Iowa Utilities Board should put brakes on Midwest Carbon Express

Bonnie Ewoldt is a Milford resident and Crawford County landowner.

North Dakota’s Public Service Commission threw a major roadblock in the path of Summit Carbon Solutions’ Midwest Carbon Express on August 4 when its three members unanimously denied the company’s hazardous CO2 pipeline permit. According to the commission’s chair, Randy Christmann, Summit “failed to meet its burden of proof to show that the location, construction, operation and maintenance will produce minimal adverse effects on the environment and upon the welfare of the citizens of North Dakota.”

Summit’s proposed route in North Dakota was part of a 2,000-mile, five-state Carbon Storage and Sequestration (CCS) plan to carry hazardous liquid CO2 from seventeen ethanol plants in South Dakota, Nebraska, Minnesota, and Iowa to North Dakota. where it would be permanently buried underground in abandoned oil wells west of Bismarck. When operational, investors in the $5.5 billion project would reap billions of dollars profit in carbon capture with 45Q federal tax credits. 

However, without the Public Service Commission permit and access to North Dakota’s underground storage sites, the Midwest Carbon Express is a pipeline to nowhere. 

The Midwest Carbon Express is on shaky ground all along its multi-state route. Summit is seeking a permit in Iowa with only two-thirds of easements voluntarily signed. Hundreds of Iowa landowners refuse to sign and choose instead to face the prospect of eminent domain. Minnesota requires an Environmental Impact Study and will not allow eminent domain to be used for this project. South Dakotans are outraged by the lack of action in their legislature, and thousands have signed a petition demanding Governor Kristi Noem call a special session.  

Summit’s risky CO2 pipeline faces strong opposition. Environmentalists, conservatives, Indigenous peoples, Republicans, Democrats, independents, and civic groups have joined with impacted landowners to stop one of the biggest land grabs in recent U.S. history. A recent Iowa Poll by Selzer & Co for the Des Moines Register found that 78 percent of Iowans across all demographics oppose the use of eminent domain for the dangerous CO2 pipelines being built by a private company for profit. 

In Iowa, Summit-impacted landowners, the Sierra Club, and other interested parties have been frantically preparing for the Iowa Utilities Board hearing for Summit’s permit, scheduled to begin in two short weeks on August 22. Recently, the board unexpectedly rescheduled the hearing from an anticipated start in October. This move by the Iowa Utilities Board was a sucker-punch to intervenors, who suddenly had months less time to prepare testimony and consult with legal counsel.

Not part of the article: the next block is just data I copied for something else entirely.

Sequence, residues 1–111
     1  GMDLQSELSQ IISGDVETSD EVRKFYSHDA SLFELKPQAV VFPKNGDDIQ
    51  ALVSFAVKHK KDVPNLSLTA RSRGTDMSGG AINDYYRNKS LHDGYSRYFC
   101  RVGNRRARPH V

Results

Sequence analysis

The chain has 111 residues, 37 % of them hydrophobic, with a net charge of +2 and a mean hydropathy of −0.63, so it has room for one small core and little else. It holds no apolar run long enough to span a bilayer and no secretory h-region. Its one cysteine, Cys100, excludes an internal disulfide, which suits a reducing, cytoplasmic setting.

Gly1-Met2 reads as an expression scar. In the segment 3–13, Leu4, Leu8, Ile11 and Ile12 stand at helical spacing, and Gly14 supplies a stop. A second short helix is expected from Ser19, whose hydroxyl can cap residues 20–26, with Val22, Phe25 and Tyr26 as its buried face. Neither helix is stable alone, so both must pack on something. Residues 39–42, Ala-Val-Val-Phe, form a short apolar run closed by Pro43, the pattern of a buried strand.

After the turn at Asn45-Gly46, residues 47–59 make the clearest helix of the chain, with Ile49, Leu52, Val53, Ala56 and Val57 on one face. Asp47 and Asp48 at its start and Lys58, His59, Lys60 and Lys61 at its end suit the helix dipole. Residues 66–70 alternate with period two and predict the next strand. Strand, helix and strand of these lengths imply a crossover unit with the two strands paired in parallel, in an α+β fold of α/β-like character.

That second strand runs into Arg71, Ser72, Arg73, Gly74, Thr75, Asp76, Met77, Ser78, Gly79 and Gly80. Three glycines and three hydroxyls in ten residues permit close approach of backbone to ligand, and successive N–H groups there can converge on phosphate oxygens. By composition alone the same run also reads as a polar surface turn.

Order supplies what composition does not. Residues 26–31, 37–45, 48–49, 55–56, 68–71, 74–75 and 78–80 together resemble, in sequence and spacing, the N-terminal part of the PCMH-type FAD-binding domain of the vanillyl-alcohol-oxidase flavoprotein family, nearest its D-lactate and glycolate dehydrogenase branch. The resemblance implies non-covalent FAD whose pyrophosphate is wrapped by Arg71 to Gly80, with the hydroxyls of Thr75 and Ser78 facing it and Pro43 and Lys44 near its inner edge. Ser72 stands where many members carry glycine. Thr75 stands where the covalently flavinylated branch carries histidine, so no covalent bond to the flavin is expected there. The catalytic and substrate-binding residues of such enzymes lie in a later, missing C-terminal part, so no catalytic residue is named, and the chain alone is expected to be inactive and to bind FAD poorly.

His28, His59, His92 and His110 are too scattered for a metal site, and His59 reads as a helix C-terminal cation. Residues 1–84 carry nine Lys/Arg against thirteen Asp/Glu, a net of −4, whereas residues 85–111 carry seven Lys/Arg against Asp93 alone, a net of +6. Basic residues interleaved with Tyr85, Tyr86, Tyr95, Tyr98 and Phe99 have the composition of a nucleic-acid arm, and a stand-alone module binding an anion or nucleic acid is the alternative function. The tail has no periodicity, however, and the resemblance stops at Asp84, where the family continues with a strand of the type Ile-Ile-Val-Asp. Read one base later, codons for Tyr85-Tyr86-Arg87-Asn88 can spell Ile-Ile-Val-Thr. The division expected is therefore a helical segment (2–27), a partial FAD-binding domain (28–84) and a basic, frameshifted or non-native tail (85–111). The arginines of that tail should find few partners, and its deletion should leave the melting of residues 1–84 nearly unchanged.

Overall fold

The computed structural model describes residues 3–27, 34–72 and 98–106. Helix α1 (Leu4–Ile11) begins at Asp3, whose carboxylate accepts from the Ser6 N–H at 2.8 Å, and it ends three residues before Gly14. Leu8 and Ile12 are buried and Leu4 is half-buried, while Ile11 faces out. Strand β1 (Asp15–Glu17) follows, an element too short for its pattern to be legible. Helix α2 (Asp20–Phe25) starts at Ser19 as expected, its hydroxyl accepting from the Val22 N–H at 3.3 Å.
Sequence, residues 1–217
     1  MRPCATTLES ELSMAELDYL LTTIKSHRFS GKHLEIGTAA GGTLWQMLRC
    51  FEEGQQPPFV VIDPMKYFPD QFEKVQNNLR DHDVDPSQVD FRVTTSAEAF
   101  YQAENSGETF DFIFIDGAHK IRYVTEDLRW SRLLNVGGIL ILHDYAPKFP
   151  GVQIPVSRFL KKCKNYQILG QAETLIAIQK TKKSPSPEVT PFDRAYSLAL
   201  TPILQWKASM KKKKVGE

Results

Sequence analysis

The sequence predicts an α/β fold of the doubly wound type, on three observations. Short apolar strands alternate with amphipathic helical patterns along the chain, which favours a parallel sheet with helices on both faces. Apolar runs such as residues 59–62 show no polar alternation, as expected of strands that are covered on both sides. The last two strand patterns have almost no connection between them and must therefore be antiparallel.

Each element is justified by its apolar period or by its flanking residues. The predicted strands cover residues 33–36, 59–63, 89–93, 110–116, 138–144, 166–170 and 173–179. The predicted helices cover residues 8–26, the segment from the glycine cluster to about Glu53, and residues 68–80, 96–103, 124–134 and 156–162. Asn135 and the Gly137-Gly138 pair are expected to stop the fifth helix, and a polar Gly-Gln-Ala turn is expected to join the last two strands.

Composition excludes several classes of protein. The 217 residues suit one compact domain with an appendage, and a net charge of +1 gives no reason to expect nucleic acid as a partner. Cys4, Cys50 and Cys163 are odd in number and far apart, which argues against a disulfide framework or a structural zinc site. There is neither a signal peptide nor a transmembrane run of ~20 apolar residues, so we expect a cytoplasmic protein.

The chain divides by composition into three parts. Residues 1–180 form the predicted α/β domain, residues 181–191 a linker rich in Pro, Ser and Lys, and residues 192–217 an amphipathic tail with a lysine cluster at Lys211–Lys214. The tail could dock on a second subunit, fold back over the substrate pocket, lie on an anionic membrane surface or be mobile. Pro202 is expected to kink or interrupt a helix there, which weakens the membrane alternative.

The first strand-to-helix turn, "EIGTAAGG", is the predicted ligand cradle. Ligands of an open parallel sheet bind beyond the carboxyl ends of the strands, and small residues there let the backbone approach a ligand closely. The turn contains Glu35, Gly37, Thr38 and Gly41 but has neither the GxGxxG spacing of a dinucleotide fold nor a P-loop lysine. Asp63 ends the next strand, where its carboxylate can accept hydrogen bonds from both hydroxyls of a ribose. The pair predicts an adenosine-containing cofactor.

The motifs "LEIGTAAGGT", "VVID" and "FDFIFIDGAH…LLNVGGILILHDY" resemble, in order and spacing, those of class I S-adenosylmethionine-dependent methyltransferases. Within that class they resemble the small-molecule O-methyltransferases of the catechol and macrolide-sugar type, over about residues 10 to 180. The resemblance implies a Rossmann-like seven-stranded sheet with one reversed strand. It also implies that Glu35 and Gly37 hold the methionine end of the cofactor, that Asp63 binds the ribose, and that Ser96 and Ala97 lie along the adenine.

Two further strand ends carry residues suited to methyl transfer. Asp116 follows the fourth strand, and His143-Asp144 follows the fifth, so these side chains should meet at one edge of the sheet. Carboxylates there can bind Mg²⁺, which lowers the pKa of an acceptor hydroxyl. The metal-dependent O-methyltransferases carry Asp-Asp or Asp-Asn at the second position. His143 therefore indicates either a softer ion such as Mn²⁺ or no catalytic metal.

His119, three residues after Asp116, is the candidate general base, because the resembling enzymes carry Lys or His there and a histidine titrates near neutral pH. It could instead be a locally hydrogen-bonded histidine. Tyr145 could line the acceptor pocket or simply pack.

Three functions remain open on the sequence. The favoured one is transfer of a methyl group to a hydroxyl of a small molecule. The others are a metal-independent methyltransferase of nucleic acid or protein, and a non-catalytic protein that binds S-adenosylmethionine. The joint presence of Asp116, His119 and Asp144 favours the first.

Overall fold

Now that Summit has no way to get to the sequestration site in North Dakota, and the Midwest Carbon Express has no endpoint, the board should postpone its hearing indefinitely. Without a carbon storage and sequestration location, there is no reason to waste time, resources, and tax-payer money to hold a hearing on a half-baked proposal for Summit’s permit.

The Iowa Utilities Board needs to put the brakes on the Midwest Carbon Express. There is no urgent need to approve a permit for a dangerous CO2 pipeline to nowhere. 

Top photo of the Ewoldt farm in Crawford County provided by the author and published with permission.

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  • Arrogance karma

    Summit and its competitors have not been transparent about their goals and means. This is surprising because Carbon sequestration is a national priority to mitigate climate change. The large tax credits are a testimony of the relevance of their efforts. Had Summit and competitors treated landowners more respectfully, explained the ecological benefits better, they may have had an easier way through.

  • Steve King

    Odd to see Bleeding Heartland and former Congressman Steve King on the same side.

    Farmers will realize another dollar a bushel for corn if states accept the carbon credits offered by the feds. If the world has decided on green energy then we have find a way to include ethanol in that equation. Carbon storage and the carbon credits would be the solution. Each ethanol plant uses 80 million bushels of corn every year. We can’t lose that. Other options are too expensive.

    Tough problem. We should be able to figure out.

  • Thank you, Bonnie Ewoldt...

    for writing this post and for working on this issue.